DC Circuit Rejects Trump Policy of Blocking Abortions for Undocumented Teens
WASHINGTON – The D.C. Circuit Court of Appeals ruled Friday that the Trump administration’s policy of blocking abortions sought by undocumented pregnant teenagers in federal custody cannot “be squared with Supreme Court precedent.”
In 2017, the Trump administration adopted a policy that required Scott Lloyd, then-director of the Office of Refugee Resettlement, to sign off personally on every abortion requested by a minor in federal custody.
Lloyd, an anti-abortion crusader, rejected every one. But matters came to a head in the fall of 2017, when a 17-year-old girl identified only as Jane Doe demanded access to an abortion after being detained at the U.S. border in Texas.
Attorneys for the American Civil Liberties Union, led by Brigitte Amiri, deputy director of the organization’s Reproductive Freedom Project, sued on her behalf in October 2017, asking the court to order the government to allow her to have the procedure, but the Trump administration continued to object.
During an expedited hearing, U.S. District Judge Tanya Chutkan said she was astounded by arguments made by Justice Department attorneys, who claimed Doe did not have a constitutional right to an elective abortion while in federal custody.
Chutkan promptly issued a two-page order, holding the teen would “suffer irreparable injury in the form of, at a minimum, increased risk to her health, and perhaps the permanent inability to obtain a desired abortion to which she is legally entitled.”
In doing so, she also ordered the government to transport the teen “promptly and without delay” to the closest abortion provider.
After the court ordered the government to allow Doe to proceed with her abortion, the ACLU learned of several other young women in government custody who were being prevented from accessing abortion care.
The case was then certified as a class action and Judge Chutkan ordered the policy halted in March 2018.
In the meantime, Lloyd was removed from his post at the Office of Refugee Resettlement, after internal emails and depositions made public as part of the ACLU lawsuit suggested he was devoting much of his time to micromanaging the abortion requests of teenagers in his custody.
He was transferred to the Department of Health and Human Services’ Center for Faith and Opportunity Initiatives.
In its 2-1 decision on Friday, the D.C. District Court of Appeals held that the Trump administration should continue to be stayed while the ACLU case continues to proceed as a class action.
U.S. Circuit Judges Sri Srinivasan and Robert Wilkins, both Obama appointees, found that there is a likelihood that Jane Doe and the other young women who have joined the class action will succeed on their claim that the no-abortion policy “infringes on their protected right to choose to terminate their pregnancies.”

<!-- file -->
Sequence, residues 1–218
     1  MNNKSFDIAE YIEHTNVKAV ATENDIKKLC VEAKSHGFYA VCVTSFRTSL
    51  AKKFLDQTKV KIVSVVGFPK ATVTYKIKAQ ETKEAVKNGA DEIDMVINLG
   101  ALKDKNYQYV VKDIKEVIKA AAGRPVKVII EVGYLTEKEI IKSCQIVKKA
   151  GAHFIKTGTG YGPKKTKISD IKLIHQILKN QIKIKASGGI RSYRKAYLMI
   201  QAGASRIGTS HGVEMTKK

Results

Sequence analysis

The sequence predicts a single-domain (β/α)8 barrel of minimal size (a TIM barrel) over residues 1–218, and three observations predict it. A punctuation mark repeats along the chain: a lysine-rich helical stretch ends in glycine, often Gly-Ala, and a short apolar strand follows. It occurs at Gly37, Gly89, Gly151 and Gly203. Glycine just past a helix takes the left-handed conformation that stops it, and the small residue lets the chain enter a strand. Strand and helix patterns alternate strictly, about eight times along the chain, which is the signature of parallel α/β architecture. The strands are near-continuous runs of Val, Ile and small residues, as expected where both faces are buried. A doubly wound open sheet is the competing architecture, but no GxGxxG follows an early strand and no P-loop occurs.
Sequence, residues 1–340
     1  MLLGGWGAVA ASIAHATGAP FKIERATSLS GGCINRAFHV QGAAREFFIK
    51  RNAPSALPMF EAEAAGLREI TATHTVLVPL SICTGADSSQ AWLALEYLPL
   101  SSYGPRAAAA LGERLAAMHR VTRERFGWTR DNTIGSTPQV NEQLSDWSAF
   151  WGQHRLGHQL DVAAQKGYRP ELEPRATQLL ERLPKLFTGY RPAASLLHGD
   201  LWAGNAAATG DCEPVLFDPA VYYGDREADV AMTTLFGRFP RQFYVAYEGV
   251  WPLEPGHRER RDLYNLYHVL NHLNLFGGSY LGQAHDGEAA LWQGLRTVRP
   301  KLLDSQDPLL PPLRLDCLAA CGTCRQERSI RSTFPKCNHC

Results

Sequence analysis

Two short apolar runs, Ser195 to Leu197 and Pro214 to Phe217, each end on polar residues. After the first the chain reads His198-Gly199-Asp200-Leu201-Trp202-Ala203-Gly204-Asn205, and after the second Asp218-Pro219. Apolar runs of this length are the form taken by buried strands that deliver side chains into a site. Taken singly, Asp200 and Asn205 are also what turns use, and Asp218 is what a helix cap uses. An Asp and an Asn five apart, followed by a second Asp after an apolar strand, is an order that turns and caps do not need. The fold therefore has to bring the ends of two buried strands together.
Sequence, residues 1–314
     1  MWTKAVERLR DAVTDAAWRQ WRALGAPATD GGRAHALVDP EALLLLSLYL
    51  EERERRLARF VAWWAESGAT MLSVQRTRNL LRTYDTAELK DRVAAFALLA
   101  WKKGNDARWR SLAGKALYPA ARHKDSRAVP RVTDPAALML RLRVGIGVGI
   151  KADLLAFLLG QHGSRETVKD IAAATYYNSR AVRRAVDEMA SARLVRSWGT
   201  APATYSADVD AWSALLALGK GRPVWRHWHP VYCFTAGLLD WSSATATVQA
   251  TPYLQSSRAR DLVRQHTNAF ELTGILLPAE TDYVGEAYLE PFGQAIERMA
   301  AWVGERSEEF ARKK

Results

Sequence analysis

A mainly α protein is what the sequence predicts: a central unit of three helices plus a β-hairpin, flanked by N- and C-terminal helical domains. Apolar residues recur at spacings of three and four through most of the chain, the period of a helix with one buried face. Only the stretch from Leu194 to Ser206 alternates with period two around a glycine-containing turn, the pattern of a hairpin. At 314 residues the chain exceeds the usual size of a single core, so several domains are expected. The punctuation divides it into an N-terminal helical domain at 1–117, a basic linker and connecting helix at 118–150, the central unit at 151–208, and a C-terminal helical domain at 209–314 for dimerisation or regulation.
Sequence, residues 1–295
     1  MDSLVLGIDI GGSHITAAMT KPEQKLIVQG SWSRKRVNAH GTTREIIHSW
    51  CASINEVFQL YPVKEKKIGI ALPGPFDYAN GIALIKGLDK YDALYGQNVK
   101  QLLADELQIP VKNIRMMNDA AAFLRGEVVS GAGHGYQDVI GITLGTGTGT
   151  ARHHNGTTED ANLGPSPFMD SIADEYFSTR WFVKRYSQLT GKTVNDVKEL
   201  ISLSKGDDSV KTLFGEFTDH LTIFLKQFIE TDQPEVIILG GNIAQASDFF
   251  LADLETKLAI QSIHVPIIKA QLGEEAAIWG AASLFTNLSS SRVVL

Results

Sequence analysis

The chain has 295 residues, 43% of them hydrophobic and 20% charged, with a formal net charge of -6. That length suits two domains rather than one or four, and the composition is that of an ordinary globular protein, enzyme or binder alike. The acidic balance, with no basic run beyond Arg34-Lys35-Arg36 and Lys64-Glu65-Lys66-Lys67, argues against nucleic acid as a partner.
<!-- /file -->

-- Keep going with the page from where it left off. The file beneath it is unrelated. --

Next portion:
Senior U.S. Circuit Judge Laurence Silberman, a Reagan appointee, filed a dissenting opinion.
The ACLU’s Amiri responded to Friday’s ruling with harsh words for the White House.
“The Trump administration’s cruel policy of blocking young immigrant women in federal custody from accessing abortion was a blatant abuse of power,” she said.
“We are relieved that today’s ruling continues to prevent the policy from taking effect while the case proceeds, and allows the case to proceed as a class action as we continue this fight,” she added.
The ruling comes amid the passage of several state abortion bans intended to push the U.S. Supreme Court to reconsider its decision on Roe v. Wade, the case in which the court found women had a constitutional right to make their own reproductive choices.
“With today’s ruling, we are another step closer to ending this extreme policy once and for all, and securing justice for all of these young women,” Amiri said. “We will continue fighting to make sure that the Trump administration is permanently blocked from obstructing young immigrant minors’ access to crucial health care”
In The News
WASHINGTON - The New Democrat Coalition has endorsed a proposal by Representative Raul Ruiz, D-Calif., to establish enhanced standards of care for people detained at the U.S. border by Customs and Border Patrol. Ruiz’s bill, the Humanitarian Standards for Individuals in Customs and Border Protection Custody... Read More
Henry Lozano, who spent much of his career aiding, counseling and influencing Los Angeles Latino politics and politicians, has died at his home in Whittier, Calif. Lozano, who died Monday, was 85. No cause of death was given. As a political insider, a mediator and an... Read More
WASHINGTON — For all the tumult and anger that President Donald Trump’s verbal attacks on four minority lawmakers have caused, he has been clear about his political motives: Drive a wedge through the country that forces each side to its corner. Trump is betting he can... Read More
CHICAGO — Over the Fourth of July holiday, Felix Kombwa brought the children he mentors to a festival where a law-enforcement exhibit allowed visitors to sit in a squad car, try on police gear and chat with officers. But the fireworks, the presence of the officers... Read More
New York Governor Andrew Cuomo celebrated the World Cup champion U.S. women's national soccer team Wednesday by signing legislation guaranteeing women equal pay for equal work in New York State moments before the star athletes were honored with a ticker-tape parade in New York City's Canyon... Read More
WASHINGTON -- Disputes over illegal immigration are heating up as some long-time foreign residents of the United States who ignored court deportation orders received notice they are liable for hefty fines this week. U.S. Immigration and Customs Enforcement began issuing fines on July 2. Some of... Read More